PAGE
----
Anger Book Review

Topics: Seven deadly sins, Sin, Buddhism Pages: 3 (1114 words) Published: January 28, 2013
Anger- Towards the Author
Robert A.F. Thurman
Oxford University Press
Copyright 2005
125 Pages
Reviewed by: Connell Depatie

The book Anger, written by Robert Thurman, belongs to a series of books individually written by different authors about the “Seven Deadly Sins” and the different ways to conquer them. This particular book tells the reader what anger really is, with a western definition followed by an eastern definition, and goes on to tell the reader several steps through which one could learn to conquer it. The first chapter consists of an initial definition of anger in two different ways- as a “Deadly Sin” (Christian and Islamic definition), and as an addiction or a poison in the Buddhist definition. It tells the reader that it is one of the three “root poisons”, along with greed and delusion, which cause the inability to achieve enlightenment and leave samsara, or the endless cycle of life that is the core belief of both the religions of Buddhism and Hinduism. The author then poses a philosophical question to the reader, asking whether anger is an inevitable part of life or if it can be confronted and overcome, leading to true happiness.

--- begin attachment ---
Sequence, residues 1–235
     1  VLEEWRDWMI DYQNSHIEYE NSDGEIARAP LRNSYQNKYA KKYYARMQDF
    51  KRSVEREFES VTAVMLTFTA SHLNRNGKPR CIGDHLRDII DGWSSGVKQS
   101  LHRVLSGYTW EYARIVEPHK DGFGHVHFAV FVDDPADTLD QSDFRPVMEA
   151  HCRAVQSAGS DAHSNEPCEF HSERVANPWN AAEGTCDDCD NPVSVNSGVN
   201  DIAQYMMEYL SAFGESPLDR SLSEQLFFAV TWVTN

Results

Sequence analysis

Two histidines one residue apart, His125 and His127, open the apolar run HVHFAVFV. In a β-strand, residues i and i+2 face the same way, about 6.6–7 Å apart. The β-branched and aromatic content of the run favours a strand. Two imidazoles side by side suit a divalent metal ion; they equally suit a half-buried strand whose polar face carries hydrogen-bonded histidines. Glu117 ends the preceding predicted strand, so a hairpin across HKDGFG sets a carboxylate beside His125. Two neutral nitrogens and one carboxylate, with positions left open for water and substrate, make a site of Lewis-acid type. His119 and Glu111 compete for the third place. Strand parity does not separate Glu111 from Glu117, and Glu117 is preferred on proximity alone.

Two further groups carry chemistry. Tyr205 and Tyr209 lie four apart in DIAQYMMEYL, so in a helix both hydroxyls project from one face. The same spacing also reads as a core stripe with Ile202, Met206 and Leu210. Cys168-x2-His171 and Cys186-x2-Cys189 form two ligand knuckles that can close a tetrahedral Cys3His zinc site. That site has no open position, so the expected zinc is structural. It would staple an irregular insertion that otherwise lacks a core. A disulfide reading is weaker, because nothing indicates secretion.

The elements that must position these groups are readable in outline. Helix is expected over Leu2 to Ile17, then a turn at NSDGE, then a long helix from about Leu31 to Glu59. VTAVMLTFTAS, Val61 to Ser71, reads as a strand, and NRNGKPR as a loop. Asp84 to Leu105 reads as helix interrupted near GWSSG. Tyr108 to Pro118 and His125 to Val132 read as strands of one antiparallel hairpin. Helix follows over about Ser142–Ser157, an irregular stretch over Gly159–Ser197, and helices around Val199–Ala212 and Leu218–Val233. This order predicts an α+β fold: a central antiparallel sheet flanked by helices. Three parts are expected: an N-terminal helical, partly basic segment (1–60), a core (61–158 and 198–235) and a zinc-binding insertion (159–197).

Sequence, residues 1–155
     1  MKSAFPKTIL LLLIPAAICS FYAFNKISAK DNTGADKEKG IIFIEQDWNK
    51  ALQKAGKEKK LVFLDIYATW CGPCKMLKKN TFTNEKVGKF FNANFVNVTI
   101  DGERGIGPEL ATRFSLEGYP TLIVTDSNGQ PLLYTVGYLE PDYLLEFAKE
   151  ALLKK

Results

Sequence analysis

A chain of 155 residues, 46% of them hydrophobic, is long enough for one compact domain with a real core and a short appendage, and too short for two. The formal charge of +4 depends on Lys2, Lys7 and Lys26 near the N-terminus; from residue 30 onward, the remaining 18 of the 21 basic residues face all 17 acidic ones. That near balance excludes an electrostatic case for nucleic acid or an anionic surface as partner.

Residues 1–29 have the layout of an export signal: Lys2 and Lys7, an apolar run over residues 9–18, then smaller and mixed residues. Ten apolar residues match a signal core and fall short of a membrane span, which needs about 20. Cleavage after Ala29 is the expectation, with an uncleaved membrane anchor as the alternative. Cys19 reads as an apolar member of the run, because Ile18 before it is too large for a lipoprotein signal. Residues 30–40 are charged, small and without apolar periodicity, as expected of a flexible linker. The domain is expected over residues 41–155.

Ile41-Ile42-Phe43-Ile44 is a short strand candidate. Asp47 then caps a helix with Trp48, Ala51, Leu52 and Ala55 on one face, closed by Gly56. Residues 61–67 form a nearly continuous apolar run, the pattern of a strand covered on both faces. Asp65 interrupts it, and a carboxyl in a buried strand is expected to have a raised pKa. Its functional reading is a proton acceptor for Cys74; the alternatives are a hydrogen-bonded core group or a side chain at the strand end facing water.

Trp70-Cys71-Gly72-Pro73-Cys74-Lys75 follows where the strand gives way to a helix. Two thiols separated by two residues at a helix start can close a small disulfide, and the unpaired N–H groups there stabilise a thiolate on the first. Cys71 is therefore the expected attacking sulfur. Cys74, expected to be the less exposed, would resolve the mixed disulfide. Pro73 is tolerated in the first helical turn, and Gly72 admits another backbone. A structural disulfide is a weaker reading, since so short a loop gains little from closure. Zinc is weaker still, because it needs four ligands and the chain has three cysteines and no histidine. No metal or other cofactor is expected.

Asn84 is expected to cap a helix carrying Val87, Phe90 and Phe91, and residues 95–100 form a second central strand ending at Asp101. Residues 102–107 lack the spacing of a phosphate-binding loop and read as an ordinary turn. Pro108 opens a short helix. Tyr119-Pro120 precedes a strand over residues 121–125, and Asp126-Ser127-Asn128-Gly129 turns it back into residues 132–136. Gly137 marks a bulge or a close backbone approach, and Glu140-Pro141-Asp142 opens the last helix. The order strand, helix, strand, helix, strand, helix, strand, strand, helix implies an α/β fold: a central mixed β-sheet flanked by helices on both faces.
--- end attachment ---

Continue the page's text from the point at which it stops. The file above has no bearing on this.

The Author continues the book educating the reader on why anger is considered a ‘deadly’ or ‘mortal’ sin. He says that it is “lethal to the soul’s life in God, fatal to our connection to the divine bliss”. Simply, this means that when we feel anger we are distancing ourselves from the virtues that God tells us to uphold, thus from God himself. Another reason that anger is seen as a sin is because it has the ability to cause even the most pious followers of religion to break religious code, such as killing, slander, and maliciousness. In this way, anger is seen not only as a sin, but also as a gateway to other sins. The author continues to say that without overcoming anger, achieving enlightenment is impossible, thus achieving true happiness is extremely difficult. We are then asked the question: what...
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